Michael M. Danziger, Albert-László Barabási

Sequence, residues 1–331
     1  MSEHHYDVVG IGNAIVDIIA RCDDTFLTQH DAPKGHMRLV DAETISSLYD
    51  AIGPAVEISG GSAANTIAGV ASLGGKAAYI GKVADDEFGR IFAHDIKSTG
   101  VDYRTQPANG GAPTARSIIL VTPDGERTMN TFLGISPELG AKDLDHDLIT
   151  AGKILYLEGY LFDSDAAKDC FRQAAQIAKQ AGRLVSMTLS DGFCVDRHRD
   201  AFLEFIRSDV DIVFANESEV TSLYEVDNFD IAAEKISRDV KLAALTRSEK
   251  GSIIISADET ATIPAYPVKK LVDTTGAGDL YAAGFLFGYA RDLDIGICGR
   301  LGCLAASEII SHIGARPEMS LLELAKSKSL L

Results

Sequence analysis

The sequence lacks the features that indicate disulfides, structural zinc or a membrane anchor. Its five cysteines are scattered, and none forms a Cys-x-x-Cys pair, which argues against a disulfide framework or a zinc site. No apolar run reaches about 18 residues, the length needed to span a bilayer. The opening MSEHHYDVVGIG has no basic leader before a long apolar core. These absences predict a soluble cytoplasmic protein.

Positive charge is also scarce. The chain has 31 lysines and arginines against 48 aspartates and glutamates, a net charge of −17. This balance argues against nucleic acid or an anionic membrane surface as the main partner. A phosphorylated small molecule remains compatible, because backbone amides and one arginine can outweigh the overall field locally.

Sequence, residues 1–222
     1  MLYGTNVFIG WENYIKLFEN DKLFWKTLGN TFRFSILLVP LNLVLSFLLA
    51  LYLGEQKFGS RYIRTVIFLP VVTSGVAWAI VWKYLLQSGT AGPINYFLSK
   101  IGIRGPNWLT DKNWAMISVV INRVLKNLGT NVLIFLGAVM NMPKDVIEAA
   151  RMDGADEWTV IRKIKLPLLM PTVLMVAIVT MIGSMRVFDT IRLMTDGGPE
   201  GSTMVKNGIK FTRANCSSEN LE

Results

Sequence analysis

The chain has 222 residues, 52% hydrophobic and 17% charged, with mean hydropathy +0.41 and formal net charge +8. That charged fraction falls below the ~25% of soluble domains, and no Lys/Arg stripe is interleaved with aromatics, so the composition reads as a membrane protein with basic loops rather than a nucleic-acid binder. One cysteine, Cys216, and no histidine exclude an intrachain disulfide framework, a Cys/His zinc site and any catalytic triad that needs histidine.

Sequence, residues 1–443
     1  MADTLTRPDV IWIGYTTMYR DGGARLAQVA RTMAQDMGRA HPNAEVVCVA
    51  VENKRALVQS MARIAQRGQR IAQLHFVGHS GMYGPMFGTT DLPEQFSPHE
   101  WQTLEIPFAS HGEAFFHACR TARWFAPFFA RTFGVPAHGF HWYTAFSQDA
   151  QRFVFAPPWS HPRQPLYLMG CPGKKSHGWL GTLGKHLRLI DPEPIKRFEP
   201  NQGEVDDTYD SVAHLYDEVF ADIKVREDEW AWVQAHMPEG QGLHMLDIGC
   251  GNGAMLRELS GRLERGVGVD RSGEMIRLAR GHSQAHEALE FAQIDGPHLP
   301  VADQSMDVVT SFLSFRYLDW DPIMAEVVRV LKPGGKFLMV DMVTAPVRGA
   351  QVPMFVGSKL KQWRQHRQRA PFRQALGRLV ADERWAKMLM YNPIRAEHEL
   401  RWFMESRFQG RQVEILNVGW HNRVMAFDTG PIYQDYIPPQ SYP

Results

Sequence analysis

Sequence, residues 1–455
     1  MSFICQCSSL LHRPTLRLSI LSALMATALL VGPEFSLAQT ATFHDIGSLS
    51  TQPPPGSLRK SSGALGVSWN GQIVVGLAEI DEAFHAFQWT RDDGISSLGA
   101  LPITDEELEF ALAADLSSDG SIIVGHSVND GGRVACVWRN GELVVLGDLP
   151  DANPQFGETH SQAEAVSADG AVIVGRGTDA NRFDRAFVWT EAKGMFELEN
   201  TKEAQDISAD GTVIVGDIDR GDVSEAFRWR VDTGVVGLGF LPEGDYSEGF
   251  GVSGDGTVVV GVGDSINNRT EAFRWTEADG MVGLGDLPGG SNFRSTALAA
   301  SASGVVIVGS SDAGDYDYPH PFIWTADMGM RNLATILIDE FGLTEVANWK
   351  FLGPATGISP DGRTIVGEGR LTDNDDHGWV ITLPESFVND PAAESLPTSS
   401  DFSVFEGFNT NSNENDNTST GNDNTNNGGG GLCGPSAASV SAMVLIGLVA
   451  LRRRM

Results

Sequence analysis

The increased complexity of infrastructure systems has resulted in critical interdependencies between multiple networks—communication systems require electricity, while the normal functioning of the power grid relies on communication systems. These interdependencies have inspired an extensive literature on coupled multilayer networks, assuming that a component failure in one network causes failures in the other network, a hard interdependence that results in a cascade of failures across multiple systems. While empirical evidence of such hard coupling is limited, the repair and recovery of a network requires resources typically supplied by other networks, resulting in well documented interdependencies induced by the recovery process. If the support networks are not functional, recovery will be slowed. Here we collected data on the recovery time of millions of power grid failures, finding evidence of universal nonlinear behavior in recovery following large perturbations. We develop a theoretical framework to address recovery coupling, predicting quantitative signatures different from the multilayer cascading failures. We then rely on controlled natural experiments to separate the role of recovery coupling from other effects like resource limitations, offering direct evidence of how recovery coupling affects a system’s functionality. The resulting insights have implications beyond infrastructure systems, offering insights on the fragility and senescence of biological systems.
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